Wakeham said an alternative could be found instead of taking more money from people.

“When government talks about the programs, they are going to use the revenue from this tax for, they're all good programs. We won’t argue with that at all. They should be funded and they have been funded in the past. They deserve to be funded, they should be funded. I don’t believe that government needs to tax people from this province to fund these programs. The government has flexibility in its budget where, if they truly believe in these programs, they should be funded without having to go back and add an additional tax to the people.”

Apart from the fact that it is putting more pressure on people already struggling, Wakeham said that the tax itself was not implemented as it ought to have been.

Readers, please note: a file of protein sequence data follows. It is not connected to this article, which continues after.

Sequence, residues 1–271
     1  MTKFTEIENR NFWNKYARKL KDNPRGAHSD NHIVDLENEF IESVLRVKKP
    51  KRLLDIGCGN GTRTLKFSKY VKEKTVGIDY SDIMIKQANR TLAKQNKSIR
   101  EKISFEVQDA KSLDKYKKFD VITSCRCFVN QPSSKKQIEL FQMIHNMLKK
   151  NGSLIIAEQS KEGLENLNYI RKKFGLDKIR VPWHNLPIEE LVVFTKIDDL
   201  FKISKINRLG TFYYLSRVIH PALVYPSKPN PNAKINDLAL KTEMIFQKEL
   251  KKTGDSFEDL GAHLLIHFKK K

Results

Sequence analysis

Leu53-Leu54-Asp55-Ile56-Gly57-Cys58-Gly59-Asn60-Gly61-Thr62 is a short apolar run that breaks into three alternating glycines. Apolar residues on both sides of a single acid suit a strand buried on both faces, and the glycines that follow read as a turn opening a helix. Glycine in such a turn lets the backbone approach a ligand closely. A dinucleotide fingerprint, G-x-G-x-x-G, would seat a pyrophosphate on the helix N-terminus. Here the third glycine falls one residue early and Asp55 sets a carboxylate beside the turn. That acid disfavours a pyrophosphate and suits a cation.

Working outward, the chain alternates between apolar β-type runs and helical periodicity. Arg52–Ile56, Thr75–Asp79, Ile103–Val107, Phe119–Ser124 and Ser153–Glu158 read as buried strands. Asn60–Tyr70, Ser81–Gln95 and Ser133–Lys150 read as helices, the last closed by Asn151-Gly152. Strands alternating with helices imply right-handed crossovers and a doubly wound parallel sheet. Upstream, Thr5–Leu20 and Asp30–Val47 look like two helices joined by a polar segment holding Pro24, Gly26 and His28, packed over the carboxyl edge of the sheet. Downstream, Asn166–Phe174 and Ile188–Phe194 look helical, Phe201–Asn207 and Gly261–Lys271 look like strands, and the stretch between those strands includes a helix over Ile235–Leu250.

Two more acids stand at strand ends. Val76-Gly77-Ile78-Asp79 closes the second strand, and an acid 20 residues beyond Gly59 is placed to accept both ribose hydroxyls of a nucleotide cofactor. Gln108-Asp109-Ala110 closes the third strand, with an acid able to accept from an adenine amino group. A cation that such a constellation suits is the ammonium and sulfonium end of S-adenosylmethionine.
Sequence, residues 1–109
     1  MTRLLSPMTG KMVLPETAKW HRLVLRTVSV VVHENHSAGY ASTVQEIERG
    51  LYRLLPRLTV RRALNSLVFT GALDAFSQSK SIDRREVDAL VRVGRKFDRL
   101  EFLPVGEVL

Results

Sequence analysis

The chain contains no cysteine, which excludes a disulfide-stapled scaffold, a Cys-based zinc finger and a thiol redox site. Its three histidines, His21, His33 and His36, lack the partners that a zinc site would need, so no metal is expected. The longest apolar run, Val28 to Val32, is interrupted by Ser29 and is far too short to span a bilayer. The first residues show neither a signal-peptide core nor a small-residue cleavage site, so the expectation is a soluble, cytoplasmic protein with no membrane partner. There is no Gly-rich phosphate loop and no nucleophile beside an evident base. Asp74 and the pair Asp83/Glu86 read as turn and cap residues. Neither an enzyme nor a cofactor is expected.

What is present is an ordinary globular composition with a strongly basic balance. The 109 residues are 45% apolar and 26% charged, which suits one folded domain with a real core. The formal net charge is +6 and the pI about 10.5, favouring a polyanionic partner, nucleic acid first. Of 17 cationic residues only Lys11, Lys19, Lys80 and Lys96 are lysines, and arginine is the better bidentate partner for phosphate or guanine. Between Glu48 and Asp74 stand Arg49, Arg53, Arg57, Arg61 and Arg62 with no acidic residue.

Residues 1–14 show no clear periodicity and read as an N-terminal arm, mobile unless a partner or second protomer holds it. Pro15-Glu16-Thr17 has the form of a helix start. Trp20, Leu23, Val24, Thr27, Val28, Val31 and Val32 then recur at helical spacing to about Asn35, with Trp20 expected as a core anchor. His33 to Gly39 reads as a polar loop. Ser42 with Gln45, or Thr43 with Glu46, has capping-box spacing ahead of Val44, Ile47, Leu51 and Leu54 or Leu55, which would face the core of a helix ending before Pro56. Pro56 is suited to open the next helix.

“There’s a lot of confusion out there, even from the business community, about what gets taxed, what doesn’t get taxed, how do we collect the money, how do we submit the money. There's a lot of different issues with it,” said Wakeham. “I don’t know why the government is so intent on pushing this tax out. They’ve tried to argue about making people healthier or encourage healthier choices, but there’s a lot of ways to do that, through education programs and other things that could’ve been done. But instead they simply chose to add another tax to the people of Newfoundland and Labrador. Who knows? Maybe this is just the beginning of the new tax regime they seem to have. We don’t know, but it certainly is a tax that was not necessary. There are other ways to help people live healthier lives.”

Deputy Premier Siobhán Coady, Minister of Finance, did not respond to media inquiries prior to publication deadline.

Jaymie White, Local Journalism Initiative Reporter, Wreckhouse Weekly News